• Agreed Margie. As I wrote this I thought “geez, I sound like a crazy person, split personality, multiple personality”. While not obvious on the outside, inside I very much am and it is a daily struggle.

  2. OMG! I too had a facade that I believed was oh so wise and mature . Every word I exchanged with my son during our short lived reunion was carefully thought out and chosen. When he asked for no further contact I wrote what I considered to be a masterpiece of a reply. So understanding – so accepting. Meanwhile in the background was the young girl, still bleeding from being ripped from my only child. It was just a matter of time before she would take over – my internal dialogue became words on a Facebook message, full of regret, unimaginable hurt and at least a couple of really passive aggressive remarks. I regretted it as soon as I hit “send” and later apologized. The funny thing is that I feel better now, having told him how I really feel. He, of course, did not reply but that’s OK. The young wounded me got a chance to say her piece . The inner dialogue still goes on and sometimes I wonder what kind of a relationship my son and I would have had based on who I thought I should be – not who I actually am. Does this make sense?

  3. It makes sense to me Veronika. Not sure if that is a good thing. LOL.

    However, I disagree with your choice of the word facade. I believe that was likely a true part of your personality, not fake. The challenge (at least for me) is that both parts are equally real but society only acknowledges one. How to integrate the other?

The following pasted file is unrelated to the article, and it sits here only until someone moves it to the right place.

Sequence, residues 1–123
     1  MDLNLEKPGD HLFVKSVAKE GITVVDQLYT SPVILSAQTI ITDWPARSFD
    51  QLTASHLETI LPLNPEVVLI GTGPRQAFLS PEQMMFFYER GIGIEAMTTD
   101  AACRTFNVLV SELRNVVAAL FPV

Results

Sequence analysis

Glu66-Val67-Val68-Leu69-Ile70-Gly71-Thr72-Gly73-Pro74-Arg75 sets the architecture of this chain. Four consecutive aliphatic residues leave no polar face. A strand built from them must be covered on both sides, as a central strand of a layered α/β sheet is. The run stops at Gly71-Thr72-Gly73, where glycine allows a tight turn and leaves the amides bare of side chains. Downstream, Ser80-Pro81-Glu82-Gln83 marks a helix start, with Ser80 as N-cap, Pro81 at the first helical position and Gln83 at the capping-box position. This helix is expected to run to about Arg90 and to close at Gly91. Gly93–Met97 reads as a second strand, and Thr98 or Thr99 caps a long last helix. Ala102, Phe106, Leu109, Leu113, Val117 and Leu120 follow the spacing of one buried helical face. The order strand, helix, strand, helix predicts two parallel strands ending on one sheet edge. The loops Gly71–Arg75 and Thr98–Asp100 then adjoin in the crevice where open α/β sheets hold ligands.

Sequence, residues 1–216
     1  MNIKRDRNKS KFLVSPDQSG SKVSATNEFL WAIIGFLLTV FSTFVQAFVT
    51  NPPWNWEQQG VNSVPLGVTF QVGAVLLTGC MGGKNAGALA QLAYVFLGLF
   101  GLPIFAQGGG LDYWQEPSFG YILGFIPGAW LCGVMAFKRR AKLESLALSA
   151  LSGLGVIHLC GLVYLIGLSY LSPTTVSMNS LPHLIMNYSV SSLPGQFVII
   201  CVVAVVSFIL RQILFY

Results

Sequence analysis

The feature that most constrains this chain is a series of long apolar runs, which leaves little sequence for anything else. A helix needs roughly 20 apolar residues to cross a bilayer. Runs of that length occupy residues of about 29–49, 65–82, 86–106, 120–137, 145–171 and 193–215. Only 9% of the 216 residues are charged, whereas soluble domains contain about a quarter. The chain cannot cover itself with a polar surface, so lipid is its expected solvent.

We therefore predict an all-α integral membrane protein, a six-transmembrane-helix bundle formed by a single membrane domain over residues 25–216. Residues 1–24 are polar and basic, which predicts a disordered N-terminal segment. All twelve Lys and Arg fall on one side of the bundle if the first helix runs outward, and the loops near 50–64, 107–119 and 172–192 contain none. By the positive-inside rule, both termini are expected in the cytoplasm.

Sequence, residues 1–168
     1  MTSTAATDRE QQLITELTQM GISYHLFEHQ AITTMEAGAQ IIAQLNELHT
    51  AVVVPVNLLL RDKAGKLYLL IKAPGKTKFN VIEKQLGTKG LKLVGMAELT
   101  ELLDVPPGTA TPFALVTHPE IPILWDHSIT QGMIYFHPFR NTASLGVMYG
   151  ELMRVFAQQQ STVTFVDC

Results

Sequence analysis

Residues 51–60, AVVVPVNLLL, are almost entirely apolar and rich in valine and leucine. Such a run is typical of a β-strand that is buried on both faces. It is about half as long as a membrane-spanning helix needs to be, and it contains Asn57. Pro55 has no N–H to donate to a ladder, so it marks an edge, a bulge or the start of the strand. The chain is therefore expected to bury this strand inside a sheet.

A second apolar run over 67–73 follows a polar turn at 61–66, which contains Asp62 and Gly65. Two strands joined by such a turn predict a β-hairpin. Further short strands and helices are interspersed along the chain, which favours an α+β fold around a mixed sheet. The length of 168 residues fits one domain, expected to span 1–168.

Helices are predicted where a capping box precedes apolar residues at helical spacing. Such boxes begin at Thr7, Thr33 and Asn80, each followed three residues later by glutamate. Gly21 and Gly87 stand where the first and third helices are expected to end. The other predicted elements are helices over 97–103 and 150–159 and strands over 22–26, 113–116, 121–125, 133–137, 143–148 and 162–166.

I also suspect the person you/I would be is a blending of the two however that assumes society (your son, family, etc.) accepts both sides. In my case, that is not true.

    • Thank you for explaining that Suz. I too felt like I was projecting a false front. The smiley, I’m (hahahahha) functioning front to the world… but now you make me see that yes, it is a split of two very real parts of ourselves, that society/family only acknowledge or allow one part of. Yes!! Thank you! By society not allowing the one, as Veronika so aptly put it, ”the young girl still bleeding from being ripped from my only child”, then the other part (the wise, mature, reasonable, functioning version) sometimes (often!) feels like a façade. They are truly both parts of who we are…. this blog and comments have been more helpful than a year in therapy. Blending of the two … or a healing of the split that happened at the loss of our children and ourselves.
      To be whole… again. It’s hard to know exactly what and how to say to my son (he found me) It’s like I’m still ”waiting for permission” to be a part of my own son’s existence. Not from him. He has been ..incredibly supportive.. but I have been silent now for a week.. it is like (in my mind) I’m not allowed my own son.. how sad is that. I don’t know how to be a mother, I don’t know how to be a grandmother, I don’t know how to be….. me and it’s sending me into the I have to pull back mode.
      “Thrashing inside of me angry”.. yeah, I get that too.

  4. I bleed reading this – I want so much to believe my mom could have opened her mind the way you have…but she died.
    As an adoptee, I can only hope your daughter will reach an age where she will open herself – and find these posts and contact you. Don’t give up on her Suz.

      • Thank you for your very insightful posts Suz. Just when I start feeling like a freak, you come out with words that I so very much need to hear.

  5. Pingback: Giving Up | Writing My Wrongs